In his book “Tending the Epicuran Garden” Hiram Crespo quotes Epicurus saying
Foolish, therefore, is the man who says that he fears death, not because it will pain when it comes, but because it pains in the prospect. Whatever causes no annoyance when it is present, causes only a groundless pain in the expectation.
Death, therefore, the most awful of evils, is nothing to us, seeing that, when we are, death is not come, and, when death is come, we are not. It is nothing, then, either to the living or to the dead, for with the living it is not and the dead exist no longer. But in the world, at one time men shun death as the greatest of all evils, and at an- other time choose it as a respite from the evils in life. The wise man does not deprecate life nor does he fear the cessation of life.
Ancient Epicureans had “Non fui, fui, non sum, non curo” inscribed on their gravestones. It translates to “*I was not; I was; I am not; I do not care.”
Amazing memories are created with Friends
Epicurus is someone who believed in the power of friendship. He said that one can find happiness in life and built fond memories with friends.
He also realized the challenge of keeping up and meeting friends on a regular basis.
So, he took the matter in his own hands and decided to conduct a little experiment.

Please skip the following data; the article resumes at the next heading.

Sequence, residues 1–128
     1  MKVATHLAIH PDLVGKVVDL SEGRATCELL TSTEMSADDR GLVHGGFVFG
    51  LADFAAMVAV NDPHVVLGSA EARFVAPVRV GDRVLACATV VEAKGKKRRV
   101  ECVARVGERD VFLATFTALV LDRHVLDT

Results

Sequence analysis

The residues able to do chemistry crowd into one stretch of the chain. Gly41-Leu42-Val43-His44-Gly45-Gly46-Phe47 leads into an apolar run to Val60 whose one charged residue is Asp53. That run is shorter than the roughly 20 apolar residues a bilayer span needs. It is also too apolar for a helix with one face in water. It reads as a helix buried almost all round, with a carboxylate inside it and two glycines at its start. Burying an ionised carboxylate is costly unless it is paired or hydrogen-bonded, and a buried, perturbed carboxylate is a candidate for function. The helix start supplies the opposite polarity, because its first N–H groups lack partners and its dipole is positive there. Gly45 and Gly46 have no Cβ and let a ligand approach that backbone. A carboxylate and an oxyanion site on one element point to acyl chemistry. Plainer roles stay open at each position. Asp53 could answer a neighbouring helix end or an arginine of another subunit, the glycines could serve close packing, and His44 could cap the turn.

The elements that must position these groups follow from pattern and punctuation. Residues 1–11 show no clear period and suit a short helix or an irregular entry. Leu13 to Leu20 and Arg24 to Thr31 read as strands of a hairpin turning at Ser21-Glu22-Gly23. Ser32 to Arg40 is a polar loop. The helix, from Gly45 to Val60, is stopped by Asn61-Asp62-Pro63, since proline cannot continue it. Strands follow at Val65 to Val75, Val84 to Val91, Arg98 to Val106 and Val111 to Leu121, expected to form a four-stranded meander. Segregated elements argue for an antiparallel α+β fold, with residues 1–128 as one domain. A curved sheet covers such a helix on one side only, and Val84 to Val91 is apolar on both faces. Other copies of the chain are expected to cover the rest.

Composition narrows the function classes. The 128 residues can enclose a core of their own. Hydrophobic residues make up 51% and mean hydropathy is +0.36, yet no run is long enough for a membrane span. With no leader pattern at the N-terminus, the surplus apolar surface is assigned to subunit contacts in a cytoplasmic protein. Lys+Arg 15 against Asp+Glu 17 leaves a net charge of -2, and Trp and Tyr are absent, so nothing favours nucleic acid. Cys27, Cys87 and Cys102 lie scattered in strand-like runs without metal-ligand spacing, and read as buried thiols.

He decided to build a house and live in it with his friends and their family. He bought a small piece of land outside Athens and built a place for him and his friends could live. Every family had their rooms, and there were common areas for them to interact as a group. This way, the residents were always surrounded by people who shared similar interests and thought process. It was the world’s first proper commune.
And, instead of working elsewhere, people who lived in the commune grew their own produce and focused on their interests, be it art or philosophy or making furniture. They weren’t rich, but they were content.
This experiment of Epicurus became really successful and spread across countries like wild fire. Epicurean communities opened up all around the Mediterranean and drew in thousands of followers. The communes built during this period lasted or generations – until they were brutally suppressed by a jealous and aggressive Christian Church in the 5th century. But even then, their essence survived when many of them were turned into monasteries.
The best thing about Epicurus is that he simplified philosophy for the common man. He made sure that whatever he’s saying doesn’t go over one’s head, and instead make them understand the key to a happy life. He understood the benefit of enjoying the little things life, the importance of friendship and how to approach death without fear. And, he popularized the idea of living as a commune.
Today, we live in apartment complexes where thousands of people live in the same building, but hardly speak to each other. It would be nice to go back to living in a commune with our friends.
- Tending the Epicurean Garden by Hiram Crespo. View on Amazon